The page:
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Court to probe Prince Charles lobbying activities

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A court is to probe whether Britain’s heir to the throne Prince Charles has secretly lobbied government ministers for immunity to property laws, local media reports say.

lan Davis, a leaseholder on the Isles of Scilly, is expected to appeal to a judge on Wednesday to rule on whether Prince Charles had lobbied for the Duchy of Cornwall, the £847 million estate, to be exempt from property laws, the Guardian reported.

Davis has been told he cannot buy the freehold to his house because the duchy was exempted from laws that give leaseholders across England and Wales that right.

The appeal is the latest in a number of attempts to expose interactions between the Prince of Wales and the British government ministers under freedom of information laws.

“Leaseholders can purchase their freeholds across the majority of the duchy estate. For those few leaseholders who aren’t able to buy their freeholds, provision has been made for them to extend their lease up to 100 years to enable tenants to remain in their properties for a lifetime,” said a spokesperson for the duchy.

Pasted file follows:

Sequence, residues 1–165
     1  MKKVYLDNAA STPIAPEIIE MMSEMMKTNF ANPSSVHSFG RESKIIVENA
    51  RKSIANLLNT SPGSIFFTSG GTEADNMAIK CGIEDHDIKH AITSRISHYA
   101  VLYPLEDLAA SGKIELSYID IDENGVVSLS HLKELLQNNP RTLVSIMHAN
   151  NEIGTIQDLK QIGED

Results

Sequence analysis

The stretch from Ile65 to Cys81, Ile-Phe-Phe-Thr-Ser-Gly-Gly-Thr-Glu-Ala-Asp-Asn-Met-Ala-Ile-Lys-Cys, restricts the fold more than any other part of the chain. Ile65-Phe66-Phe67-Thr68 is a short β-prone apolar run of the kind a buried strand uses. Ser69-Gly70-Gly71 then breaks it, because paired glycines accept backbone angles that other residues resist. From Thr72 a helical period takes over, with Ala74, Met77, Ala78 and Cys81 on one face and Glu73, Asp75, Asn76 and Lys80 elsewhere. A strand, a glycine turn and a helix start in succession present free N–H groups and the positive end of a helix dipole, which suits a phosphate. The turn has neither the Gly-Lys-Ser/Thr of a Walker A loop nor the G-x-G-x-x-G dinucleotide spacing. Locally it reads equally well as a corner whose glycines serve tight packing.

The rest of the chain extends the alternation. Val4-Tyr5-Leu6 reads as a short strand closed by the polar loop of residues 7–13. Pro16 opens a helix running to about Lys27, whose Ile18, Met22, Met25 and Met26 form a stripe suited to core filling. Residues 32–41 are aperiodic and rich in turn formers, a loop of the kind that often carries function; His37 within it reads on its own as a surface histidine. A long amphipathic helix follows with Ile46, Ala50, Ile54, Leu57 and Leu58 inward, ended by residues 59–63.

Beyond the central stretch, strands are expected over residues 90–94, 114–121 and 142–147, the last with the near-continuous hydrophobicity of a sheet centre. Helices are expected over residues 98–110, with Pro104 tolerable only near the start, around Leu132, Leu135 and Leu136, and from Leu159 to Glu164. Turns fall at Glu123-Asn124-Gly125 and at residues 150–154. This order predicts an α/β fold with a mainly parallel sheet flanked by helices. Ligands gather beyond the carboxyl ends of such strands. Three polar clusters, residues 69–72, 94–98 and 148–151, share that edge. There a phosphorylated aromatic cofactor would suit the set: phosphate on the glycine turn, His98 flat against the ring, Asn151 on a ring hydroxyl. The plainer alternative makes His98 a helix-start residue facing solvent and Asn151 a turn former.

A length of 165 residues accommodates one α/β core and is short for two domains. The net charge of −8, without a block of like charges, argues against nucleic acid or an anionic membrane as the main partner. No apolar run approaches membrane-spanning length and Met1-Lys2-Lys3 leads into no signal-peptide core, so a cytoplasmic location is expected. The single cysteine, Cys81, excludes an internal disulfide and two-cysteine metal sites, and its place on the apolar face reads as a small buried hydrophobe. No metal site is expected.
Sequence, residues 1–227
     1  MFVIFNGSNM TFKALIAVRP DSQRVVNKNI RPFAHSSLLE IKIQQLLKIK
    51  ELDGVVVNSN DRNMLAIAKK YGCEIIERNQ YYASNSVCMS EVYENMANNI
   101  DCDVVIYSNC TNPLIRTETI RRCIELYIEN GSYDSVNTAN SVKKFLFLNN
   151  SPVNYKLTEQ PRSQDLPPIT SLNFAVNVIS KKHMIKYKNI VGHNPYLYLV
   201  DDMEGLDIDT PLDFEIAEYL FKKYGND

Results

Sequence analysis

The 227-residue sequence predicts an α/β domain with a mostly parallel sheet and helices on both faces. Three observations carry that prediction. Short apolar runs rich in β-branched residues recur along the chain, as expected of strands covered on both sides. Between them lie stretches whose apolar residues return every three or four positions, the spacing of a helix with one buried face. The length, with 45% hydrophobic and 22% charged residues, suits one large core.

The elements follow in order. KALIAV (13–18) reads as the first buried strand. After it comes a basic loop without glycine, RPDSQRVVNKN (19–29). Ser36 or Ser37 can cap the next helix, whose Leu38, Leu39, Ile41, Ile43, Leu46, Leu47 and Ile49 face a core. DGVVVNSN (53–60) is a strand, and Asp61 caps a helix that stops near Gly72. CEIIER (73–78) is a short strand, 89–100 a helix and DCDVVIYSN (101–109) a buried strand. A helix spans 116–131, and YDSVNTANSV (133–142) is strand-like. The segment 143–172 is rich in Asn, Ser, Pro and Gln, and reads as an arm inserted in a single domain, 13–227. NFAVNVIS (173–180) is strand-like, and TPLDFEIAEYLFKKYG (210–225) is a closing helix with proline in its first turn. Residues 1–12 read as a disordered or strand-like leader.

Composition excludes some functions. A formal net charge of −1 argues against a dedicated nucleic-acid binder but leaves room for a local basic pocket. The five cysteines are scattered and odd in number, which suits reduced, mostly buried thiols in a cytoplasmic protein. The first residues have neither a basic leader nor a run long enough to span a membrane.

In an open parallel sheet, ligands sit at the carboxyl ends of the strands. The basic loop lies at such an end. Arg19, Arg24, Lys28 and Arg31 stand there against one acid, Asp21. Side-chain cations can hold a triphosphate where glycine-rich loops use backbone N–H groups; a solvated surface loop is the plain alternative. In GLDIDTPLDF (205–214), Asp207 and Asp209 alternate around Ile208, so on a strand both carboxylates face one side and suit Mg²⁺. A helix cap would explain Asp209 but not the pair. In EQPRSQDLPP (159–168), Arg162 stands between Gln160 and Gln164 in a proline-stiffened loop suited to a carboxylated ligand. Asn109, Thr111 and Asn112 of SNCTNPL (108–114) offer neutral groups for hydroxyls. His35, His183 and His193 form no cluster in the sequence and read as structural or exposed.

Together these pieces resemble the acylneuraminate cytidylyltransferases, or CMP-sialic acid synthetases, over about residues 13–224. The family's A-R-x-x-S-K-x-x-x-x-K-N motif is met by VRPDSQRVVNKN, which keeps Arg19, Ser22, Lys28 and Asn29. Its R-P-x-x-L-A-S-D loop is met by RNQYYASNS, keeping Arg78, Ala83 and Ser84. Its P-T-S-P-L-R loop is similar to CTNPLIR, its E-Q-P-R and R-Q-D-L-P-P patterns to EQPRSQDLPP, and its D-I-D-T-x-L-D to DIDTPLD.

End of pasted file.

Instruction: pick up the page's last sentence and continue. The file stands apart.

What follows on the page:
The 532-square-kilometer Duchy of Cornwall was created some 700 years ago as a source of income for the heir to the British throne. It includes residential and commercial properties, mainly in South West England, including London’s iconic Oval cricket ground.

The unclaimed property, which Prince Charles owns thanks to his royal status under an ancient law, provided him with an estimated £18.3 million private income last year.

The duchy does not have to pay corporation or capital gains tax on trading.

Earlier in February, it was emerged that tens of new laws were sent to Prince Charles for his approval and opinion before being taken further, raising concerns that he had been intervening in the affairs of the Parliament on many occasions.

Whitehall papers also showed in January that at least 39 bills had been subject to the royal approval, with the British Queen and the Prince of Wales using their power to consent or block legislation proposed by the UK parliament in areas such as military authority, civil partnership, higher education, paternity pay and child maintenance.

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